4) CO turnover … ie. huge investment by the current CO is wasted when the next CO comes in with different ideas.
Short commands (2 years) negatively affects the military in many ways, and establishing a functional fitness program is one of them. 

5) Lack of Command Commitment – usually in the form of a brand new CO who wants to make “functional fitness” a keystone of his tenure, but when the rubber meets the road, is unwilling to see the program through.

Never do I get called by the CO. It’s always a Captain on the HQ staff or a Command Sergeant Major in the unit who proclaims that the CO is “committed” to making functional fitness a “priority” and is ready to invest.

Indeed, making “fitness” a command priority is so common it’s trite these days. What generally happens is the new “committed” CO spends a bunch of money on a crossfit “platoon” packages in connex boxes for every company or so, sends a few soldiers to a Crossfit Level I cert, observes a morning or two, and thinks the job is done. A month later the equipment is left rusting in the boxes or used by a few dedicated soldiers after the work day.

There is much inertia standing in the way of implementing a Functional Fitness training program in the Big Army  – from many directions ….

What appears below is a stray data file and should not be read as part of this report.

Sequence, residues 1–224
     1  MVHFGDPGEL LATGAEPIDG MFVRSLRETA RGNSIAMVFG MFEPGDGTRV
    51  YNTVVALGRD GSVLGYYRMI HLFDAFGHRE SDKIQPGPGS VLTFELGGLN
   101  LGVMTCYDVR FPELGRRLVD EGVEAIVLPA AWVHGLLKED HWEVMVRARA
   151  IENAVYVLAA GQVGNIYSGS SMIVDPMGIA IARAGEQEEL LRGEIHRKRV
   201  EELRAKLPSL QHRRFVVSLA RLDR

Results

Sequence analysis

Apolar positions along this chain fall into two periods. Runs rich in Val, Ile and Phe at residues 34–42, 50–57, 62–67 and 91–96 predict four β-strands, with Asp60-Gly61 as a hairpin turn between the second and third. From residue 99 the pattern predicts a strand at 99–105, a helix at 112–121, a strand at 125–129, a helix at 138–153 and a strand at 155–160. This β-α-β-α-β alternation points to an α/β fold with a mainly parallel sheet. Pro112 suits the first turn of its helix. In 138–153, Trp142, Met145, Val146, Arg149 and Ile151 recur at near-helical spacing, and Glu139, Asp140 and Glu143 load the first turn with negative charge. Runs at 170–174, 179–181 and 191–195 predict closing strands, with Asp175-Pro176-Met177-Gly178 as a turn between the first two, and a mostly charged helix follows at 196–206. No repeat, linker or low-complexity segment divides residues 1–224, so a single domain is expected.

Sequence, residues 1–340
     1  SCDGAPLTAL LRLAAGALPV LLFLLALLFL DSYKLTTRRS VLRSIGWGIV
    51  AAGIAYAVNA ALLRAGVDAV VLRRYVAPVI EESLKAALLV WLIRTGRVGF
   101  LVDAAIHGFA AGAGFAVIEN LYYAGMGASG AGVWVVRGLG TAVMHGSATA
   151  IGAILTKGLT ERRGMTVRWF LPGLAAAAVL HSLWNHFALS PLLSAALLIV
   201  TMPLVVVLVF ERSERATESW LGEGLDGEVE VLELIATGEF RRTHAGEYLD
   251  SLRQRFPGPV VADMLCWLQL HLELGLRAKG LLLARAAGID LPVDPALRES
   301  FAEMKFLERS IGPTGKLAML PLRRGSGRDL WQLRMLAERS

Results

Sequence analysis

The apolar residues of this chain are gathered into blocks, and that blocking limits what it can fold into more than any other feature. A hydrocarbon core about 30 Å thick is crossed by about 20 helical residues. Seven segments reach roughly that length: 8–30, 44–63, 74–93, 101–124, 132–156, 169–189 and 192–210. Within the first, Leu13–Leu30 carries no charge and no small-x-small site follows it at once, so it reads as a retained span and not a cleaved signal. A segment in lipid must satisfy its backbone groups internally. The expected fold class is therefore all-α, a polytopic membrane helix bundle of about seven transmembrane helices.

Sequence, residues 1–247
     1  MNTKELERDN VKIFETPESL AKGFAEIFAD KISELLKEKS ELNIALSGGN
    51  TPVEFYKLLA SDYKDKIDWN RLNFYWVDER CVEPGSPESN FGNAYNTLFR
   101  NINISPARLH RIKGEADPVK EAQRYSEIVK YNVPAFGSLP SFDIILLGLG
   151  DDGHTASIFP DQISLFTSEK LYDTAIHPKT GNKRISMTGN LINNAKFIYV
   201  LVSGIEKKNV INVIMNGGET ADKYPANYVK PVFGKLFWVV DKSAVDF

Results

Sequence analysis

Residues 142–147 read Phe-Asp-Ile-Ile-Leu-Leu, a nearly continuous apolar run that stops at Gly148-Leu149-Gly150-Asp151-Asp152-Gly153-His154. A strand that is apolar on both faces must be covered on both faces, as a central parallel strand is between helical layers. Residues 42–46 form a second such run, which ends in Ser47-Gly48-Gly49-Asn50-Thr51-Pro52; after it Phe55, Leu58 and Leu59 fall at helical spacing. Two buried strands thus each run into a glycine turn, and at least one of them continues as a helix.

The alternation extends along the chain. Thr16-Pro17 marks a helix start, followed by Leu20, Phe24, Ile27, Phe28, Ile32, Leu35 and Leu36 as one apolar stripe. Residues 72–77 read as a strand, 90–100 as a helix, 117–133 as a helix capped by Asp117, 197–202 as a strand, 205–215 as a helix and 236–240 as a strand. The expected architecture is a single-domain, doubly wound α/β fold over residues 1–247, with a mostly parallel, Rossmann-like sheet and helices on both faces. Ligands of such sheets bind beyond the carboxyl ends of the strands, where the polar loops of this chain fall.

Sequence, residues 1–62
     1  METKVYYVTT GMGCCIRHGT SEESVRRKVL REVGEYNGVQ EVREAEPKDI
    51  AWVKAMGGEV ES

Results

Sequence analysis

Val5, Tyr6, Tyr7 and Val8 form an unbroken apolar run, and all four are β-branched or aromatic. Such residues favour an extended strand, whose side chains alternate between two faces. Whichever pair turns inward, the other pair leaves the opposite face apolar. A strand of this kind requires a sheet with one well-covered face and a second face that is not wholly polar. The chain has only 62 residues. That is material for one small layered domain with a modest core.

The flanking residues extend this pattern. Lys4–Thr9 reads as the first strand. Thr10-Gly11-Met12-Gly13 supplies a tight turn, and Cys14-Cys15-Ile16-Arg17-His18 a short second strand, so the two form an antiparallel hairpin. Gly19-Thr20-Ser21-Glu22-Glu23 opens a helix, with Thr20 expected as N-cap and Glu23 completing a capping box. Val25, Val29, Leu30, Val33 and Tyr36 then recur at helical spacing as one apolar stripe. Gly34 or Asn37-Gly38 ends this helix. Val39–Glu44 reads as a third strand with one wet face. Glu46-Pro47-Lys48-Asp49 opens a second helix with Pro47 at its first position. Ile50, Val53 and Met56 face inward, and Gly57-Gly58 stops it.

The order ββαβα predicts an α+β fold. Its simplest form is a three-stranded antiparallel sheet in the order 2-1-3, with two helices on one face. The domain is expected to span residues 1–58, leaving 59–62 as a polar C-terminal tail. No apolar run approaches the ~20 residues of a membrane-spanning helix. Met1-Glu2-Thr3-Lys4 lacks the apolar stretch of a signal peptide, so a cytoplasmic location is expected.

• From above – it turns out even brigade commanders have someone watching over their shoulder. “Why aren’t your soldiers doing PRT? …. Are you sure this is safe?” 
  • From below – a seasoned platoon sergeant or squad leader won’t get on board if our poor training session programming means he spends have the training session standing around waiting for the squat rack.  Also, the “but we’ve always done it this way …” running, push ups, sit ups, repeat – argument.
  • From the sides – for example, breakfast chow hall hours are set …. which limits the number of sessions we can hold in the morning; brigade PT’s and medical staff (Safety Nazis – more below) are quick to protest.

A truly committed CO has his work cut out for him.

6) Unwillingess to Invest in Programming and Coaching First.
Any CO will tell you “people are most important” but when it comes to implementing a functional fitness program, he’ll buy equipment before investing in programming and coaching and then wonder why the whole thing collapses.

Programming is everything and designing Mission-Direct programming which address the primary fitness demands for line unit soldiers and accounts for limited equipment is no easy assignment.